Vegetarian or meat lover, the animal-rights organization People for the Ethical Treatment of Animals (PETA) knows how to get your attention. Last week, two PETA activists lay on large trays wrapped only in cellophane on the corner of Pearl and Church Street Burlington.
The bare-all duo wasn't trying to catch some rays on the sidewalk; they were mimicking packages of meat in this pro-vegetarian demonstration. Campaign coordinator Chris Link passed out pamphlets with information about animal treatment in slaughterhouses.
The aim of the demonstration -- one of several Link is staging up and down the East Coast -- is to point out that all animals are made of the same flesh and bones and have the same feelings as human beings, and that eating meat is like eating a corpse. "Meat package" Amy Jannette, 19, and her companion looked uncomfortable on their small trays -- emphasizing the discomfort of animals crammed into crowded cages before they are slaughtered and sold at grocery stores.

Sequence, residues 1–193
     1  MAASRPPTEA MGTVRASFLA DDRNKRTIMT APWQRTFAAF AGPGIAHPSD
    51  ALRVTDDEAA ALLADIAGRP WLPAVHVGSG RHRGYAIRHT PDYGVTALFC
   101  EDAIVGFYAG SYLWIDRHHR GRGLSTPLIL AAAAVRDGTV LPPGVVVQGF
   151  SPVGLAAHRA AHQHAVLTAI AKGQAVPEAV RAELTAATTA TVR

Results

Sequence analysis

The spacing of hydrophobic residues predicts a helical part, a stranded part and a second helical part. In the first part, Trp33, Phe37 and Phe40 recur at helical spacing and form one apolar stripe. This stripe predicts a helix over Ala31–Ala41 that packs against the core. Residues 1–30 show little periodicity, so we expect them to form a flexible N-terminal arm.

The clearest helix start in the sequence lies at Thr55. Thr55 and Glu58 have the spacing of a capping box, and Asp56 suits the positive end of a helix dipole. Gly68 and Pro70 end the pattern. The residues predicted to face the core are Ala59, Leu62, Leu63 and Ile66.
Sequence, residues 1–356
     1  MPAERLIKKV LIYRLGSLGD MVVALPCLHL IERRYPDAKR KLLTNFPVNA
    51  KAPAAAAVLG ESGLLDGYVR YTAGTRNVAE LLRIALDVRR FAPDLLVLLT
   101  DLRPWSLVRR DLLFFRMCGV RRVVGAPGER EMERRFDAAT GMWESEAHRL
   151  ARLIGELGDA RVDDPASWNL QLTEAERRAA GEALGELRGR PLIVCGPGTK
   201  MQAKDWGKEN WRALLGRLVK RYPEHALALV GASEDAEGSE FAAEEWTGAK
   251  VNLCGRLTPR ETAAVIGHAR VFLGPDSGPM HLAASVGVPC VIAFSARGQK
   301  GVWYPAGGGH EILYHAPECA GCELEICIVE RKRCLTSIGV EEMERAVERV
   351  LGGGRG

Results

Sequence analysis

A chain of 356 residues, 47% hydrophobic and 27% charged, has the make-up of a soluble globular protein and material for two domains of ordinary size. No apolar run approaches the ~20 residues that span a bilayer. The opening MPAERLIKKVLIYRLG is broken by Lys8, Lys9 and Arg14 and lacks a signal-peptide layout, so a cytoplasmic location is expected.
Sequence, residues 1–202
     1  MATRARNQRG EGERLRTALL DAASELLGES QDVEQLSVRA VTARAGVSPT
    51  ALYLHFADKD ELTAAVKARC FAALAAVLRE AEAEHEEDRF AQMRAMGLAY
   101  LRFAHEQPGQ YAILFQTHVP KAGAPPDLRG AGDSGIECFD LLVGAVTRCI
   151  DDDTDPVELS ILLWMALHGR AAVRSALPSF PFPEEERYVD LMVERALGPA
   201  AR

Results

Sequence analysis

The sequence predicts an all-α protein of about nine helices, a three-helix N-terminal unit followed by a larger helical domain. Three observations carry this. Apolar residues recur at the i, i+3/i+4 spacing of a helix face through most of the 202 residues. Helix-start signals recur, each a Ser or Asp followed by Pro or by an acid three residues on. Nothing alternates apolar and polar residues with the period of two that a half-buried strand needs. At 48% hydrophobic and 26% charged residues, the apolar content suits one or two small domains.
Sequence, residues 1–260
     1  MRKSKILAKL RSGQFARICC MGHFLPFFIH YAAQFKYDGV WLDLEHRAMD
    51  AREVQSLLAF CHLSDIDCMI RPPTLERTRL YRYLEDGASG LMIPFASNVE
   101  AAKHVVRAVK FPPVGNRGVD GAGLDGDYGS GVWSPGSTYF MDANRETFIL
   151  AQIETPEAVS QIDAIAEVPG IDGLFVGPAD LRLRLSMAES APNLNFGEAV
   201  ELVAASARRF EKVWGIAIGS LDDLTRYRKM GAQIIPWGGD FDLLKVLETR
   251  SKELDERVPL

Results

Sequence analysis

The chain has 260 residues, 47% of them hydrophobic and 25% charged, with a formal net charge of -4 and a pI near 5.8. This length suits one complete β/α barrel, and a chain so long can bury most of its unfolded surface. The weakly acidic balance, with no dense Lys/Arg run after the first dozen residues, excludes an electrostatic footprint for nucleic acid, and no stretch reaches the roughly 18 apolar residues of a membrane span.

The packages were labeled with oversized price stickers reading "FLESH: Billions of animals are abused and violently killed because you eat meat. Get help!" Jannette stressed that people need to "really think about what 'meat' is," and that vegetarianism is a healthier choice for both animals and people.
The demonstration drew mixed reactions. One local vegetarian, on a break from work, volunteered by holding a sign that read "MEAT IS MURDER." But not everyone was convinced. A car full of teenaged boys slowed down, and its passengers screamed "Cheeseburger!" out the windows.